Level 12

Having conversations with outside service providers is also needed in many cases depending on the industry you are in. If they can't meet your up time requirement then you need to come up with another solution or live with what they can provide. Thanks for the article.

Level 15

Such a thought provoking article.  The engineer side of me thinks constantly about HA and when and where to deploy load balancers.  It has taken a number of years for our environment to start to get there though.  It seems that everyone wants the uptime but truly getting the $$ is the challenge

Thanks for the posting.

Level 14

Oh this is so true and the bane of my life.  I've just been landed a new project.  Circa 30 people on a new site around the corner.  They need two server racks full of stuff to support the 30 users, three radio studios and 1 TV studio.  They want a minimum of two hours on battery in the event of a power failure.  I worked out all the technical bits and gave them a price for the UPS.  Nope, can't afford that.  What can you give us for 5K.  About 30 minutes.  Not good enough, we need two hours.  They couldn't get the bit where two hours was 4 times the battery and I was offering it for just over twice the 30 mins cost.  I thought I had performed a miracle but they wanted more.  I think I'll offer 5 loaves and two fishes and see what response I get.  I can't do the water into wine as I did the reverse at the weekend and need to recharge.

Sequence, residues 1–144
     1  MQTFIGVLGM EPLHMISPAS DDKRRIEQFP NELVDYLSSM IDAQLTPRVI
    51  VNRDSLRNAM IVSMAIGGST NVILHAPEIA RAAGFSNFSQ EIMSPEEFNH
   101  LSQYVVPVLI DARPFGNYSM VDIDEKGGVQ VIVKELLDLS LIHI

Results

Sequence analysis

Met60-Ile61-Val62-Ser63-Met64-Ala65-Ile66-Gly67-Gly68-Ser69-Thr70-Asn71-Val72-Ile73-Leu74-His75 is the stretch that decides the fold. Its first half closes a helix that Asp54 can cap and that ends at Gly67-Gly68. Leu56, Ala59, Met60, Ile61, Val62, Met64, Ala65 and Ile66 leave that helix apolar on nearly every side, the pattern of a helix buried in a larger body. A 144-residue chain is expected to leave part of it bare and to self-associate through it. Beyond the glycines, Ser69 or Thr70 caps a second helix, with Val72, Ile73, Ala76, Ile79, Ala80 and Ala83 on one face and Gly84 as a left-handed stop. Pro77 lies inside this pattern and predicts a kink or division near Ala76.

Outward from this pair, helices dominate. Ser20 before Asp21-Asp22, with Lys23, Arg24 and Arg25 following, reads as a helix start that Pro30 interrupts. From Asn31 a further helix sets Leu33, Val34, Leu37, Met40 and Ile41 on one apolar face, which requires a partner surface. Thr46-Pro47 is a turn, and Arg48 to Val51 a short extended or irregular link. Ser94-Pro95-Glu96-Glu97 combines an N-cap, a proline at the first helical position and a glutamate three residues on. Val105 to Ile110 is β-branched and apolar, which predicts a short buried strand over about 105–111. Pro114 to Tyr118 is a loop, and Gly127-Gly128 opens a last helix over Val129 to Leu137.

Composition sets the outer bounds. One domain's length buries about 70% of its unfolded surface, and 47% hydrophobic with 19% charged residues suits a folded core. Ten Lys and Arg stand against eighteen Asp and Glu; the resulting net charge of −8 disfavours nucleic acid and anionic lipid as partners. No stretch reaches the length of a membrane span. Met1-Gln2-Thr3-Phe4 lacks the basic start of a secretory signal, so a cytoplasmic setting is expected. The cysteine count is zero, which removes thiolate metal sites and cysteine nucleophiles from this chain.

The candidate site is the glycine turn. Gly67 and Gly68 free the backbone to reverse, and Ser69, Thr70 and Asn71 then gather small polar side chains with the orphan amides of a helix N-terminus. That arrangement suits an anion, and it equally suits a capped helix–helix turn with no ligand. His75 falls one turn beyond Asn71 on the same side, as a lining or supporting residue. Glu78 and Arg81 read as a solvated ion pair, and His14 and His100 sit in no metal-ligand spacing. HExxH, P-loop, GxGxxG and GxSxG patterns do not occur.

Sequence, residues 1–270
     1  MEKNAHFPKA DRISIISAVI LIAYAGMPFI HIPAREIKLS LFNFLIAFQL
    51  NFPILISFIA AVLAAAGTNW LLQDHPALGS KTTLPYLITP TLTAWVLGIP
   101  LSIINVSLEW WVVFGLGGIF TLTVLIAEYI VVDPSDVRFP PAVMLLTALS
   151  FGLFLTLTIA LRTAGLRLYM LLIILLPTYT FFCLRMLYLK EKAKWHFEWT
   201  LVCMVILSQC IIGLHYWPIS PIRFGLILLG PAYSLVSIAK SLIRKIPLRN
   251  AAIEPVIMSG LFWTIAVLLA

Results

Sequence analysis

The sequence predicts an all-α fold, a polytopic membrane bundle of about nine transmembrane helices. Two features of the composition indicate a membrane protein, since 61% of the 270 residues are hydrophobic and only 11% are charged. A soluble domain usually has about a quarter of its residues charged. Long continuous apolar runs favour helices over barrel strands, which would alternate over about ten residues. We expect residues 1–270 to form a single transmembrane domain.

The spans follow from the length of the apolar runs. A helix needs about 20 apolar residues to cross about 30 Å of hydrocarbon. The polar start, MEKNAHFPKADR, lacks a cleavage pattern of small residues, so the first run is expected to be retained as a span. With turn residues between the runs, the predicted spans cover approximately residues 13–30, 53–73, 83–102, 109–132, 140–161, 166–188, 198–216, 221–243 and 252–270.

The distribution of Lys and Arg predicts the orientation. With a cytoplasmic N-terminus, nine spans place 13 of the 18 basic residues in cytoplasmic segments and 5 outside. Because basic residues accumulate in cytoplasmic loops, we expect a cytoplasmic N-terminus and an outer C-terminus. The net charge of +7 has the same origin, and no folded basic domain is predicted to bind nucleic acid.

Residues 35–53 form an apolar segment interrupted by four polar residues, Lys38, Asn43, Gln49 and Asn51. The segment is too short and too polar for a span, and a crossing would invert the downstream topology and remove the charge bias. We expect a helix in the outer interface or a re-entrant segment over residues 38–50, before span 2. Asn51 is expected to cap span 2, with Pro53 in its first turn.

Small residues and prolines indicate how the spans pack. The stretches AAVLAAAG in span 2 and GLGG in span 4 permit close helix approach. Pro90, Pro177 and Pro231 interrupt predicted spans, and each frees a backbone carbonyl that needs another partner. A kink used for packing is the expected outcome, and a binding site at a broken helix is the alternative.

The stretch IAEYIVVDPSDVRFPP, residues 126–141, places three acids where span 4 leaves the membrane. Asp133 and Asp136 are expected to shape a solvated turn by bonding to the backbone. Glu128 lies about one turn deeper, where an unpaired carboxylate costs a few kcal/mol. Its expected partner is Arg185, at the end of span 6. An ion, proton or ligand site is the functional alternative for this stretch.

You've re-identified the age-old problem mice deciding the cat is too dangerous, and that a bell must be put on it so the mice will hear it coming.   No one is willing to commit the resources to accomplish the task.

Belling the Cat - Wikipedia


Worked at a company that wanted 99.999% uptime.  Well in the 1st quarter we had 2 vendor outages that killed the 5 nines early on.  Then a series of "unfortunate" mistakes further put a nail in that coffin in that it would have been over the limit even if the vendors hadn't killed the SLA.  I do not miss that sweat shop.

Level 11

Thanks for the article, I've worked at places as well that wanted 99.999% uptime till they were delivered with the reality of the $$$, usually a happy medium is reached except for the few critical business systems.